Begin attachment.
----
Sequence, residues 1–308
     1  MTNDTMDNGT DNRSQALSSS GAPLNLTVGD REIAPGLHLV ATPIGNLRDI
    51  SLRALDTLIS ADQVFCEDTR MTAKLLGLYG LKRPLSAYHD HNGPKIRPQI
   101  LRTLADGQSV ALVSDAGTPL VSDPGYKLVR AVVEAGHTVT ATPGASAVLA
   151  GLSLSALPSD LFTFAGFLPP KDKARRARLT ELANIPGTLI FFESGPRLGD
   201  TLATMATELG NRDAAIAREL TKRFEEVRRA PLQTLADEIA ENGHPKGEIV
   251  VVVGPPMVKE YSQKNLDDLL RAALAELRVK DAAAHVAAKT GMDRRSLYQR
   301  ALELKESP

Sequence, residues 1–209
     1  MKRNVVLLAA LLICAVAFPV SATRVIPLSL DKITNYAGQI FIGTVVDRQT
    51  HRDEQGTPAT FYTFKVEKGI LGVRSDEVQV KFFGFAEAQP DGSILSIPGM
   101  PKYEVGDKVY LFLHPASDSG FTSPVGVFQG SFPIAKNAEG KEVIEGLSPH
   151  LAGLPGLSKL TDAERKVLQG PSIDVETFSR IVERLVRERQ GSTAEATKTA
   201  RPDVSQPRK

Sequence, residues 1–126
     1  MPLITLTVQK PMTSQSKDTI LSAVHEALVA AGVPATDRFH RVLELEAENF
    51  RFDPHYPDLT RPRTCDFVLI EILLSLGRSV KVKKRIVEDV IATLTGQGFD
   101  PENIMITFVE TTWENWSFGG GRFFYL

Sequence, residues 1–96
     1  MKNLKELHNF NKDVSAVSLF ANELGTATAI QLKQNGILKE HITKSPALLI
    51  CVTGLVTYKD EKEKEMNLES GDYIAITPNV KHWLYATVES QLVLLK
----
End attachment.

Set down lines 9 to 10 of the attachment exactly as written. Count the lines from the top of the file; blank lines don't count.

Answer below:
Sequence, residues 1–209
     1  MKRNVVLLAA LLICAVAFPV SATRVIPLSL DKITNYAGQI FIGTVVDRQT